Criticism at Security Council over Israel's settlement activities

Ahram Online , Wednesday 22 Mar 2023

Nine members of the Security Council criticised Israel's settlement activities in Palestinian territories and appealed for a de-escalation of Israeli-Palestinian tensions, during a meeting on Wednesday.

A general view shows a United Nations security council meeting at the United Nations headquarters in
A general view shows a United Nations security council meeting at the United Nations headquarters in New York City. AFP


In a joint statement, Brazil, Ecuador, Gabon, Ghana, Japan, Malta, Switzerland, the United Arab Emirates, and France issued three common messages on the Israeli-Palestinian conflict.

"We reiterate the Council’s demand that Israel immediately and completely cease all settlement activities in the occupied Palestinian territory, including East Jerusalem," UN Middle East peace envoy Tor Wennesland told the council on belhaf of the nine countries.  

"We also call Israel to stop the continued demolitions and seizures of Palestinian structures, as well as the displacement of Palestinian families. We recall that settlements are illegal under international humanitarian law," he added.

The meeting of the 15-member panel occurs as the Israeli-Palestinian conflict appears to have spiraled into new spasms of violence since the beginning of the year.

The parties urged "all sides to refrain from unilateral steps that escalate tensions (and) refrain from provocative actions and messages at this sensitive time," noting this season's convergence of religious holidays Ramadan, Passover and Easter.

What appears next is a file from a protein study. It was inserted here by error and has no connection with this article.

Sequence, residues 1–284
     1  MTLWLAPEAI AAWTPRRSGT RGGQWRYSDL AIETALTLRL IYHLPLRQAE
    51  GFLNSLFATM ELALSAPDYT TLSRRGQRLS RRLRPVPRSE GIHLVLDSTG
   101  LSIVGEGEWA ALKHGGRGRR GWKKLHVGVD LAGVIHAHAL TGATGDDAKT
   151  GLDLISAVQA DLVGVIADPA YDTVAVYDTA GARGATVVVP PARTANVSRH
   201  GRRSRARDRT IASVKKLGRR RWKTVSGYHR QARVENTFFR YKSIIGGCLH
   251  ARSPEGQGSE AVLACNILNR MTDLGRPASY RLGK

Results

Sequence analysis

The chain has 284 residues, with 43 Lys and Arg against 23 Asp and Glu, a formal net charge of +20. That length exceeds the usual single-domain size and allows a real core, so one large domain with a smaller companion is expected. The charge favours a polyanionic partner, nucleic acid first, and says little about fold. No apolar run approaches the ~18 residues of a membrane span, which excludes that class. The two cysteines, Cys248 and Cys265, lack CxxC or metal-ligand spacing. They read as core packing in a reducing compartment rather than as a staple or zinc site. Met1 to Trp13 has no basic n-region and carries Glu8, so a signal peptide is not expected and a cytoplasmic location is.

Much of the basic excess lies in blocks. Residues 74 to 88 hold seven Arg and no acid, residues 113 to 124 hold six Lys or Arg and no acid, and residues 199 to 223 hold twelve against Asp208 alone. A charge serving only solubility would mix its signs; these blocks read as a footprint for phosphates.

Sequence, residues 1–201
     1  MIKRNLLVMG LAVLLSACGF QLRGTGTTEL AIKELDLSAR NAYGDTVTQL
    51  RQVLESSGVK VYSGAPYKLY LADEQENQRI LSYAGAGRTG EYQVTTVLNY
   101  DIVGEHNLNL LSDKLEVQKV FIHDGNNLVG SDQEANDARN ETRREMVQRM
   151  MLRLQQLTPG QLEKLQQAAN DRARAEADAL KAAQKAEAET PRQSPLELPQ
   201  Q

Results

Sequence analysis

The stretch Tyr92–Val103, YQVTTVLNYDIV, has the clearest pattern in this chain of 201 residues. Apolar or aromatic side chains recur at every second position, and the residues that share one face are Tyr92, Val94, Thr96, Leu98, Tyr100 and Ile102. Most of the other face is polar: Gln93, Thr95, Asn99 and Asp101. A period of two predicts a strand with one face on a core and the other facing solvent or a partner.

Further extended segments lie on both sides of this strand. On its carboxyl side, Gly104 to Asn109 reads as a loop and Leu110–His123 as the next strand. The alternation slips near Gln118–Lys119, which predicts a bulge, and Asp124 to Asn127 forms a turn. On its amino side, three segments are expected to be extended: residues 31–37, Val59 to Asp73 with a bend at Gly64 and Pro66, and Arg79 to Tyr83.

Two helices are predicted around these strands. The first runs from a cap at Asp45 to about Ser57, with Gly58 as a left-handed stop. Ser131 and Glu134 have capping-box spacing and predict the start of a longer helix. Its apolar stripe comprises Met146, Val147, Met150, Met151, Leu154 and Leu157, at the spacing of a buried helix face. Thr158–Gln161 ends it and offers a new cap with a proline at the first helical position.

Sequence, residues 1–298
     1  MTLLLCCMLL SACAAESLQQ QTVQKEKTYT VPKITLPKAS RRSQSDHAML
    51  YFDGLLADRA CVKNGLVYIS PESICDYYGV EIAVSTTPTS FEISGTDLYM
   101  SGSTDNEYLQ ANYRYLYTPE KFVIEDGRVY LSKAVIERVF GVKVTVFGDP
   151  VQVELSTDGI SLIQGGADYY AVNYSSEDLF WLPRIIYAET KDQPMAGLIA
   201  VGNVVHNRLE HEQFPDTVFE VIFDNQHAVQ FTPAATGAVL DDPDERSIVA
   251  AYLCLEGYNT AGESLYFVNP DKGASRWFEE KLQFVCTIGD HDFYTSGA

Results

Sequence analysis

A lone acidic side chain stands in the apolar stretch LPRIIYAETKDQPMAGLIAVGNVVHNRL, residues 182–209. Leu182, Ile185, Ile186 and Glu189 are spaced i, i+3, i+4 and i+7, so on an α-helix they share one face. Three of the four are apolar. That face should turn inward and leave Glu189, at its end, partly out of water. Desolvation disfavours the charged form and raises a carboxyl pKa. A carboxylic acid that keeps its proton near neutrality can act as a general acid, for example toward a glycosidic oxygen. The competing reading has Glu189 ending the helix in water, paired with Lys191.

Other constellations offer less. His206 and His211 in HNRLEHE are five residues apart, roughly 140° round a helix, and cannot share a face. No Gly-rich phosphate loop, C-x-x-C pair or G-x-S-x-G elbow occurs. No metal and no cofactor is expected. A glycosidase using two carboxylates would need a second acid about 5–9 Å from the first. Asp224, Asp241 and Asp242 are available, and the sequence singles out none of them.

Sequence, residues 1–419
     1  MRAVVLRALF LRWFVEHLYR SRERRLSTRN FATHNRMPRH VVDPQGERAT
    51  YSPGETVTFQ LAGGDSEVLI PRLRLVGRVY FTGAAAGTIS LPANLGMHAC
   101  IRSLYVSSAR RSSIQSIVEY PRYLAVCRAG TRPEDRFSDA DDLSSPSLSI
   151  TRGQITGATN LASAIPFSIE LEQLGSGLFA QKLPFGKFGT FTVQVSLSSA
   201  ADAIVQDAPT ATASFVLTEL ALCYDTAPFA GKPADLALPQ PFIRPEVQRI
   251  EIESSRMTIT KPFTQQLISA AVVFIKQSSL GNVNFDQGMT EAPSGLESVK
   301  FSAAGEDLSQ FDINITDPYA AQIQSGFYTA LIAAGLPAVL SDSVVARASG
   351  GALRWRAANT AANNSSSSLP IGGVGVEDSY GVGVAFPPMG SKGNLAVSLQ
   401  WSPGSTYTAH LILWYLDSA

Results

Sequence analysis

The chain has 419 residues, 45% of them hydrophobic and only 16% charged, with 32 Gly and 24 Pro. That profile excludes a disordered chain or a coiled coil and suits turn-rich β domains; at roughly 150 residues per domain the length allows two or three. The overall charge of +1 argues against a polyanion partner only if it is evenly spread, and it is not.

They urged the parties "to comply with international law, including international humanitarian law and human rights law, and to protect the civilian population".

Wennesland said he does "remain deeply troubled by continued Israeli settlement expansion," including the recent authorization of nine settlements in the occupied West Bank and the construction of thousands of new housing units in existing settlements.

The United Nations considers such settlement activity illegal under international law.

Washington's UN ambassador, Linda Thomas-Greenfield, said "the United States remains deeply concerned by the sustained violence in Israel and West Bank."

She said 2022 was the deadliest year since the second Palestinian intifada, or uprising, which occurred roughly between 2000 and 2005.

"And 2023 is on track to surpass the staggering level of violence," Thomas-Greenfield said.

Several Security Council envoys including from Britain, China, France and Russia also denounced the spike in violence, and voiced concern that Israel's Knesset has passed legislation overturning significant portions of the 2005 disengagement law.

The settler movement scored a victory Tuesday in the Israeli parliament, which rolled back law banning Israelis from an area in the northern West Bank from which Jewish residents were evacuated in 2005.

Sunday remarks in Paris by Israeli Finance Minister Bezalel Smotrich, part of Benjamin Netanyahu's hard-right government, in which he denied the existence of a Palestinian people were also denounced by council members.

"Inflammatory rhetoric and incitement of violence by certain Israeli political leaders only serves to drive settler violence," said UK ambassador James Kariuki.

Palestinian representative Riyad Mansour, invited to address the meeting, said in response to the Israeli minister that "we the Palestinian people do exist."

"He is denying our existence to justify what is to come," Mansour said.

As for Israel's envoy Gilad Erdan, he assailed the "fabrications" and "repetitive lies" of the Palestinians and attacked what he deemed bias by the Security Council.

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